Fit for Travel

My passions include travel, photography, design, and productivity. And on some days like today, writing. I've attended fashion shows in Paris as a manager at Chanel, participated in prototype testing off the coast of Yucatan as a team leader at Patagonia, taken a train ride from the equator to the arctic, and designed a productivity tool for the first iPhone that is still on the app store, nearly a million downloads and nine years later. Now I manage a modest UX design and development studio with offices in Seattle and Saigon. 

So yes, I travel. A lot. 100,000 miles this year on United alone.  United is not my favorite airline but being a lifetime million miler does have its perks - as well as a nagging sense of guilt at all the fluorocarbons that I've been responsible for. Oh well. Hopefully something I'm doing is offsetting that, for example helping people to be more efficient, and living and working here at QSpace where my daily commute is three flights of stairs. Actually it's much more than once a day, given how many times I forget where I've placed things. But that's another story.

Photography helps me survive these long trips. And because I'm obsessed with UX, I'm always looking for ways to minimize the amount of camera gear that I carry while maximizing both flexibility and quality of photos.

It has become clear to me that by improving the user experience of any task or hobby, you will achieve better results.  For example, choosing a camera. Forget about whether Canon/Nikon/Sony is 'better.'  Those are commodities. Focus instead - no pun intended - on which camera intuitively feels better in your hands. If you like the feel, the ergonomics, and the menu system, then the camera will be in your hands that much more often. You will enjoy the experience more. And you will be able to react more quickly to changing photographic conditions. Voila. Better photos. And more fun.

My requirements for a better 'travel photography' experience are:

  1. All gear must fit in one diminutive pouch or sling bag.
  2. All gear must be instantly accessible.
  3. Changing lenses must be quick, dust-free, and done as little as possible.
  4. My feet can get tired from walking, but not from the weight of excessive gear.

One of my favorite photographers and friends travels with just one camera - a Sony A7Rii - and just one lens which she never changes - a 24-240 zoom. So with one camera and one lens, she more than meets all of the requirements I've listed above and comes up with photos that I totally envy. Check out her IG .

But, alas, I'm a gear hound.  So I travel with more. But it still has to fit into a diminutive bag that gives me instant access. This pretty much narrows it down to only one bag - the ThinkTank "Turnstyle" series that I have been using for the past several years. I've written about this bag elsewhere but in short, it keeps my gear out of the way when I need it out of the way, but without having to remove the bag, I can slide it around to my front, open the bag, grab a camera, and even change lenses with it sitting right on my front. No other bag can do that.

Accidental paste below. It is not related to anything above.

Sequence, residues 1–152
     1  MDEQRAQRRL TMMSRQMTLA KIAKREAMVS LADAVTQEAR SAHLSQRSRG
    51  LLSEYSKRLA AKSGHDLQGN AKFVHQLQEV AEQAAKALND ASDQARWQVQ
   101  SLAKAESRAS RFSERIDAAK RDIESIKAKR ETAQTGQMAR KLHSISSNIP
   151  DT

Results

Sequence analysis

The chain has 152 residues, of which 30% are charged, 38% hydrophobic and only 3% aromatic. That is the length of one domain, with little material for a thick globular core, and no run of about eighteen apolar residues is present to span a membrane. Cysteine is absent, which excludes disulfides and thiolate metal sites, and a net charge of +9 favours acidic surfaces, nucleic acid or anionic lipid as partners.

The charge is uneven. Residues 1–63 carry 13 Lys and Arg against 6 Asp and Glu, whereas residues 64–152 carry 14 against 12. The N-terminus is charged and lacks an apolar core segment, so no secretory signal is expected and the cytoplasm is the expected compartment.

The next challenge is which combination of camera and lenses to fit into that bag. When I went to Afghanistan two years ago, I was able fit two Olympus cameras, each with an attached lens, into one Turnstyle. But since I've switched over to Sony, the size and weight has increased a bit (still much less than other DSLR's).  So my current setup is

  • Sony A7Rii
  • 16-35 f/4
  • Batis 85 f/1.8
  • Nikon 300 f/4 PF with Vello AF adaptor
  • Extra battery

Why the Nikon 300? Because it's my favorite lens and it's the only long tele prime that could possibly fit in a small sling bag, even with the required adapter.

So I've chosen a few photos taken with each of these lenses on recent trips, just to illustrate the breadth of shots that I'm able to get with a relatively diminutive camera bag and three lenses.

Let's start at the long end. 

Candids, Action, Landscapes: 300mm prime

Nikkor AF-S 300mm f/4E PF ED VR

That's a long name for a small lens that packs a punch. Well it's not small, but for a 300mm prime,  its lilliputian.  I use it for all my sports photography on my Nikon and recently I've been carrying it with me in the Turnstyle sling. And it fits. Just. 

Seoul | hot summer day

Saigon | "I can't look"

Harper, WA | Fauntleroy ferry

Harajuku | esplanade

Portraits and Candids: 85mm prime

Batis 85mm f/1.8 

Small, light, sharp.  Beaucoup bokeh with crema de la creme.  This lens is on my camera much of the time.  Sometimes, in candid situations, I wish it had a tad more reach. 

Saigon | Exercise Man

Landscapes and Crowded Places: 16-35 zoom

Sony Vario-Tessar T* FE 16-35mm F4 ZA OSS is smaller and lighter than its name, that's for sure.  This is an excellent bridge for simple street photography at the 35 end, and landscapes at the 16 end. 

Last But Not Least - iPhone X

Let's not forget that other camera that sits in the pocket much of the time. My iPhone has become part of my daily workflow and the iPhone X is definitely getting more court time.  More on this item later but here are a few snaps taken during the past few days.